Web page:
…Call & Post reporter Harold Ross, 22, is reading about the lynching of Jewish businessman Leo Frank, 31, in Atlanta, Georgia.
Ross had covered the story of Frank’s trial back at the Atlanta Journal in the hot summer of 1913. The Journal was in fierce competition with the Atlanta Georgian, owned by the Hearst syndicate.
But Ross had managed to be with Frank when the police took him to the morgue to see the body of the victim, one of his employees, 14-year old Mary Phagan, and he had interviewed the accused afterwards. Ross wrote later,
Without making the assertion that Frank is innocent, it may be said that his conduct from the outset was that of an innocent man.
After Frank was convicted, Ross had moved on to New York City, back home to Salt Lake City, and then back here to San Francisco where he is in his old job at Hearst’s Call & Post. He has also returned to his addictive hobbies of poker and cribbage and is now enjoying driving around in a Stutz roadster.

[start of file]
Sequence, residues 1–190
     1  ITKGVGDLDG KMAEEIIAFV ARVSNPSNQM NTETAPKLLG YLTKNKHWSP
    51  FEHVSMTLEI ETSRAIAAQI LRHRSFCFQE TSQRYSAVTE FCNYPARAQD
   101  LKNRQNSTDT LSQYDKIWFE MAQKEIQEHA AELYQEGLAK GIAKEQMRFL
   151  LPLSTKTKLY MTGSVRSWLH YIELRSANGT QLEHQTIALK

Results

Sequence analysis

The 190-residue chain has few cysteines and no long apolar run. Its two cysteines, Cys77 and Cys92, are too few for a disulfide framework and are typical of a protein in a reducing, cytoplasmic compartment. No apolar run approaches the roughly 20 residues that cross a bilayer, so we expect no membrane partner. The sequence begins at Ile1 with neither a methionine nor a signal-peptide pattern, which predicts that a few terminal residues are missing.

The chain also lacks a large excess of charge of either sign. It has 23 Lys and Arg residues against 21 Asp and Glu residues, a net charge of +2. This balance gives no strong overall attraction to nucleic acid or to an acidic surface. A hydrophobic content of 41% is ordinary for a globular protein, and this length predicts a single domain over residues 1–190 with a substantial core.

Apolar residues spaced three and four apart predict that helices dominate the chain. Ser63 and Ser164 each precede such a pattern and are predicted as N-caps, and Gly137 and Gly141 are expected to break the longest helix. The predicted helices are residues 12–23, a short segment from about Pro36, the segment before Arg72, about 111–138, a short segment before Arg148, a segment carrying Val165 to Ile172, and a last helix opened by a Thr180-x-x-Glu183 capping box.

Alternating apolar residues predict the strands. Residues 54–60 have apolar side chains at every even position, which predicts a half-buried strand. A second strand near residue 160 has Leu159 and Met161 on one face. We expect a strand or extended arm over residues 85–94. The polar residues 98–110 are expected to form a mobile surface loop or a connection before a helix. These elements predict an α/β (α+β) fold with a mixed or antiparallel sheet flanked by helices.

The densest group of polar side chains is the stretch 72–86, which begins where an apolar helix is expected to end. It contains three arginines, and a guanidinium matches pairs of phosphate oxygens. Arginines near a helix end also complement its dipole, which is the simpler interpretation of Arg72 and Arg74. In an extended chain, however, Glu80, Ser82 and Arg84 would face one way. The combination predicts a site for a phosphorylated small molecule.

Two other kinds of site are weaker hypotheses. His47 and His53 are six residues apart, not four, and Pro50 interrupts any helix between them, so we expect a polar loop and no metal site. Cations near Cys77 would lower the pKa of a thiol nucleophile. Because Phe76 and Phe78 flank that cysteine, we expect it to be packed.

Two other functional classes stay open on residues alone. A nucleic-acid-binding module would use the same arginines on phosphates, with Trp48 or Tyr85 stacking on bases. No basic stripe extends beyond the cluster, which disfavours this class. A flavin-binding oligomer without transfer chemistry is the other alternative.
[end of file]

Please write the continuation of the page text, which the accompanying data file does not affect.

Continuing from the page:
This past June, when the outgoing Georgia governor commuted Frank’s sentence, Ross had written an article for the Call, “The Leo M. Frank Case by a Reporter Who Covered the Tragedy”:
If juries convict men upon [such] evidence…and judges uphold them, no man is absolutely safe from paying the penalty for a crime he did not commit…The police did what they always do in Georgia—arrested a Negro…But this time the public—always excitable in the South—was not satisfied…So they arrested more Negros. But this did not stop the clamor…The murder of Mary Phagan must be paid for with blood. And a Negro’s blood would not suffice …There was a strong religious prejudice against [Jewish] Frank. The atmosphere in the courtroom was obviously hostile.
And now, a few months later, a lynching. A group of more than 20 prominent Atlanta businessmen, calling themselves The Knights of Mary Phagan, kidnapped Frank from prison, drove him to a town near where Phagan grew up, and hung him. The crowd that gathered took pictures to turn into postcards. Some popular publications cheered the lynching, saying that the voice of the people had been heard.
Ross can see what is coming. Some members of the lynch mob were also charter members of the Georgia Ku Klux Klan and now would be encouraged to revive their old club…
This year, we’ll be telling stories about these groups of ‘such friends,’ before, during and after their times together.